This poem is an English language haiku. It depicts what we hear at night in my neck of the woods in Japan. The wind is a powerful thing and sometimes shakes our building. It just makes me think that we are truly at the mercy of Mother Nature and that at anytime she can whisk us away. We are just lucky that she doesn’t.

“The Strength of Wind”

Winter’s cold gags me.
Howling winds crystallize air.
See the pretty sounds.

This poem is another English language haiku. Words are a powerful thing and then can really send you over the edge. I found myself knee deep in a snow covered rice field after experiencing just such a moment.

“Sharp Words Winter’s Pain”

Winter’s cold pain stings.
Like a disappointed heart.
I drudge through the snow.

This senryu actually got published by Akita Prefecture on its website. It’s pretty simple, and about the Akita Fall season. I wrote it originally in Japanese (click here to see the Japanese), and then translated it to English (see below). I tried to maintain the structure in both. In the Japanese version, which was actually re-formed (I wrote the whole thing in Hiragana) by a dear and close translator that I have come to rely on for just such form things, it’s 5-7-6. That dear and trusted translator told me the last “ニコ ニコ” was okay. The English version is 5-7-5.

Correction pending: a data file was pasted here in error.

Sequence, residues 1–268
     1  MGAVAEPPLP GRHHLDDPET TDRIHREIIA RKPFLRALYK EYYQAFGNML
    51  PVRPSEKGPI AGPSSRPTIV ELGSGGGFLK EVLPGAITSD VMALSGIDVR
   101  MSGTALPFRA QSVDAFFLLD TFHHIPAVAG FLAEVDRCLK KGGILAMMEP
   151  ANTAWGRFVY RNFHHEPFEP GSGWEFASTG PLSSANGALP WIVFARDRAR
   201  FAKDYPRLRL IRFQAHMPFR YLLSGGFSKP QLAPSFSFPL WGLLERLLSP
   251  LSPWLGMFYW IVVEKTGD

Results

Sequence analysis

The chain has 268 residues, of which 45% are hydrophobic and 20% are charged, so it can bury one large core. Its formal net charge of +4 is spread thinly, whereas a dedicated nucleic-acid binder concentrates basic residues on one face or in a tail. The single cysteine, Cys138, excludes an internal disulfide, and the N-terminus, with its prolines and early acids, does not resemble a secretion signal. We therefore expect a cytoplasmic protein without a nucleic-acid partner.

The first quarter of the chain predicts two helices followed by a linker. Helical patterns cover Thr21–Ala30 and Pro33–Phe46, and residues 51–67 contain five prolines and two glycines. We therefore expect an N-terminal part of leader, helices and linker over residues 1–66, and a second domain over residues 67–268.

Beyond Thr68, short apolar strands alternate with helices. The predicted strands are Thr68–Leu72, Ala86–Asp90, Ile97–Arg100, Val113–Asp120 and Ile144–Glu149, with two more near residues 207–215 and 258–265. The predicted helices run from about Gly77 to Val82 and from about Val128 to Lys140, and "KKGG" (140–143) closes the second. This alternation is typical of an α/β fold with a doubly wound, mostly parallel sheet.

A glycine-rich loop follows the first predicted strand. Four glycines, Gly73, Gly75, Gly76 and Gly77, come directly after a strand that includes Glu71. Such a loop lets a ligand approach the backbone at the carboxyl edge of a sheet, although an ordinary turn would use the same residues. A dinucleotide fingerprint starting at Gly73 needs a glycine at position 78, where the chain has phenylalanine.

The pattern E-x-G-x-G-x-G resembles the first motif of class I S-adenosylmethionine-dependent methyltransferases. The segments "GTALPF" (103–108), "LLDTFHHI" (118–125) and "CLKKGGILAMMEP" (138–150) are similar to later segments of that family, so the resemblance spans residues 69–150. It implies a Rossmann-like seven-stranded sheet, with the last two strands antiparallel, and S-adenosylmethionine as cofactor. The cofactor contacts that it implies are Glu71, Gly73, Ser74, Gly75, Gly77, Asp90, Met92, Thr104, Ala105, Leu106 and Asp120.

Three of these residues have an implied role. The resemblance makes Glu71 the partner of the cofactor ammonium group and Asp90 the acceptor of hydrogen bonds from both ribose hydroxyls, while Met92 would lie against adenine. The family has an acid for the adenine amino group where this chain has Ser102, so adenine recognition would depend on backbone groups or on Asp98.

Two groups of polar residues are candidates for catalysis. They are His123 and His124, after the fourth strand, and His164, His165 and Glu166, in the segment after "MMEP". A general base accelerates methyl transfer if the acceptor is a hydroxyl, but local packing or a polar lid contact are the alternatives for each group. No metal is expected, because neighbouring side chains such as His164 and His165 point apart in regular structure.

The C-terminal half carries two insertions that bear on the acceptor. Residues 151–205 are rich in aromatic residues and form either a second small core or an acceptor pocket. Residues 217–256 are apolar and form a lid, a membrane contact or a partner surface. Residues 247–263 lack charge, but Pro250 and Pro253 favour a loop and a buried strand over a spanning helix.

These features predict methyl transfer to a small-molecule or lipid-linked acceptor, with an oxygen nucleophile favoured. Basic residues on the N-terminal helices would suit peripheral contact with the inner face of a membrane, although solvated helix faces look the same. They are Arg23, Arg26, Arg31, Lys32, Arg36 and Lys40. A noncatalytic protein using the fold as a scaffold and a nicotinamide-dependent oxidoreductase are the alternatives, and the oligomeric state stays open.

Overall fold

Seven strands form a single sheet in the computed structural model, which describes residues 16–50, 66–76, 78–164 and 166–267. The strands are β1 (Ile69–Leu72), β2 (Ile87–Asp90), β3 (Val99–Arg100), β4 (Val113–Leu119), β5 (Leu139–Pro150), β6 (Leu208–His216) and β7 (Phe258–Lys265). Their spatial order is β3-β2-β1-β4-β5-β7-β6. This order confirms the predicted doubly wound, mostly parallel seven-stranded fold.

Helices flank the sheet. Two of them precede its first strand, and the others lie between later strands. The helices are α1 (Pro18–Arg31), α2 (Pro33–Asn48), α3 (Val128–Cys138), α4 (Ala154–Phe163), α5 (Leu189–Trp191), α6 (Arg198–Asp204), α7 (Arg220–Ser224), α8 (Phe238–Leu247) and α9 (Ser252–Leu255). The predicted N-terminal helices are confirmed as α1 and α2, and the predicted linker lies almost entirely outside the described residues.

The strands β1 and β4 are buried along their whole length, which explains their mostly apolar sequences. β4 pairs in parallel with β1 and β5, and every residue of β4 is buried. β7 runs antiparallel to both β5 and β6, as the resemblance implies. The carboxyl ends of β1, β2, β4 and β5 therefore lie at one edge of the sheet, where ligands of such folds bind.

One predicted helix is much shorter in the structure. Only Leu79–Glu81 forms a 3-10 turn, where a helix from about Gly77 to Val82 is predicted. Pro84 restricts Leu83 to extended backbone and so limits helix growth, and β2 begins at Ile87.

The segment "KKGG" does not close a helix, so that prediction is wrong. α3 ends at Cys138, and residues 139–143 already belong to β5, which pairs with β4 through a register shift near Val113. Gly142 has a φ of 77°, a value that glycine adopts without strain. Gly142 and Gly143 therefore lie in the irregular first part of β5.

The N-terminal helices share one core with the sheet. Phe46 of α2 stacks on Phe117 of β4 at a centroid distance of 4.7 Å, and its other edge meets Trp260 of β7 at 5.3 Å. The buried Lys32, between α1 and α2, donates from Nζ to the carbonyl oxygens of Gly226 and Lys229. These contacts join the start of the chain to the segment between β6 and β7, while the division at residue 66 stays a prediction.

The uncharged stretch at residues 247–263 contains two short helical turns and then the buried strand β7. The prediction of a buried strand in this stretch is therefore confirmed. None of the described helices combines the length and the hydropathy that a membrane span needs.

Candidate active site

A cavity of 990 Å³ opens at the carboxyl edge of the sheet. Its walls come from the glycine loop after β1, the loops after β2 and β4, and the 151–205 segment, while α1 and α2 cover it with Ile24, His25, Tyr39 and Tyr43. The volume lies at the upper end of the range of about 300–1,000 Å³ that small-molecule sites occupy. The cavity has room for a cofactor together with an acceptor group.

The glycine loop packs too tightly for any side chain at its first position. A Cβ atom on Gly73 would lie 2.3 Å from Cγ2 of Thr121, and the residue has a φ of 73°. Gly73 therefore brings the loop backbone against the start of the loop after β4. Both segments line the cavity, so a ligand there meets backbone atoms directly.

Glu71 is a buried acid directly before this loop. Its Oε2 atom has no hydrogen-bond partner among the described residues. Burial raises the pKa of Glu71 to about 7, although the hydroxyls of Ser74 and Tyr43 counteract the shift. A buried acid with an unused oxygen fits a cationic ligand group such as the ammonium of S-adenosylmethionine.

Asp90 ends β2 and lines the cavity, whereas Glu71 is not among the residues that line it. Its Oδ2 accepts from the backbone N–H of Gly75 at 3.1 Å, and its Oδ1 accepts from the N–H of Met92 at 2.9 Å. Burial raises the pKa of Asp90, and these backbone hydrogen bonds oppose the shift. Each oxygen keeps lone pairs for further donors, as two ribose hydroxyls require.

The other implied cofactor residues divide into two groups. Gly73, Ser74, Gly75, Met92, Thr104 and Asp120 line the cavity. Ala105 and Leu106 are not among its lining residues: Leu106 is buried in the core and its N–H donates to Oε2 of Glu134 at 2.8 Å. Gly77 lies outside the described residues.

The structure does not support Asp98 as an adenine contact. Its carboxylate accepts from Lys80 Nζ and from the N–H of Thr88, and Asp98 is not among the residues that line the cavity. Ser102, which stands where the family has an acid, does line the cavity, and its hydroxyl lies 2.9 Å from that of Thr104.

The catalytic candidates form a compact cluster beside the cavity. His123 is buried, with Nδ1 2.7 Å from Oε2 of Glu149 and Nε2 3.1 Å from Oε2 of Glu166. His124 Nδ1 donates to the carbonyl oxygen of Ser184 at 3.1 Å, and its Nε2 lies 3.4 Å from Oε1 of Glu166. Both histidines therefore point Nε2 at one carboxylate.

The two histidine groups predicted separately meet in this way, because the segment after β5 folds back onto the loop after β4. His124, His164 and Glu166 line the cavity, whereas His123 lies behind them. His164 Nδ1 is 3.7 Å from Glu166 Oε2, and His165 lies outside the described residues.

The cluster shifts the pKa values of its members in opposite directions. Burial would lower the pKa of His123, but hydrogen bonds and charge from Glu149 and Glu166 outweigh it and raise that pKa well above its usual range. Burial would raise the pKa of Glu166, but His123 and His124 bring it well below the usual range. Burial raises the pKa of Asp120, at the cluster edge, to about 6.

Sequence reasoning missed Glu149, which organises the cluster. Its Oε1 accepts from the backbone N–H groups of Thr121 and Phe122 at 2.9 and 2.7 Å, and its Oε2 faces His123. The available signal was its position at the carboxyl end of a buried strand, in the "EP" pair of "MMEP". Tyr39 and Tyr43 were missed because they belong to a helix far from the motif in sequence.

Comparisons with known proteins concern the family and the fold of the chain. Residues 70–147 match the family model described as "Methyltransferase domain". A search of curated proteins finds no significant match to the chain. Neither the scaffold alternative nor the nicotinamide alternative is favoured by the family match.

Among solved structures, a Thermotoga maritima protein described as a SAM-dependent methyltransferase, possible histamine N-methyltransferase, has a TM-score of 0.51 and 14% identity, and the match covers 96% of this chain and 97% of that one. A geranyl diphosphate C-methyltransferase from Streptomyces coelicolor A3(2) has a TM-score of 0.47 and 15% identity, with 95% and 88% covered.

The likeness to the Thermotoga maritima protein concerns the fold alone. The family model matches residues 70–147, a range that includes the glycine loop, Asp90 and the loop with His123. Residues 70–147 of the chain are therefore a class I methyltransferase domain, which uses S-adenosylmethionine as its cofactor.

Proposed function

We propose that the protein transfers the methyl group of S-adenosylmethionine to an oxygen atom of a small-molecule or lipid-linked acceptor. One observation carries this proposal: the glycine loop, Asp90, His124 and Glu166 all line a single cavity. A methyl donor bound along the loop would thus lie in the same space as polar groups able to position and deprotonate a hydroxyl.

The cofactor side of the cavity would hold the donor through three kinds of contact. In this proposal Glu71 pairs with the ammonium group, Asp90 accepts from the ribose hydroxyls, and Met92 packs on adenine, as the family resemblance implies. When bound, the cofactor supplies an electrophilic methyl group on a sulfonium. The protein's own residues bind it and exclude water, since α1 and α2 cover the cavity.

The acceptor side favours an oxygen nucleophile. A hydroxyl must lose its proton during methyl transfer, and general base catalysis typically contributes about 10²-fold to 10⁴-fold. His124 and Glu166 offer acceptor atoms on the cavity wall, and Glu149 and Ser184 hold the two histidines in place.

“Akita’s Nature Fills Empty Stomach”

Akita’s rains soaks.
Tasty delicious rice comes.
My stomach smiles large.

This haiku is once again connecting certain emotional pain with that of the winter. I’m trying really hard to be strict in using 5-7-5 structure as I think it gives the English language haiku the seriousness and impact like that of Japanese haiku.

“Snow Eases Wounds”

Daggered words cut me.
Falling snow caresses me
All pain stripped away.

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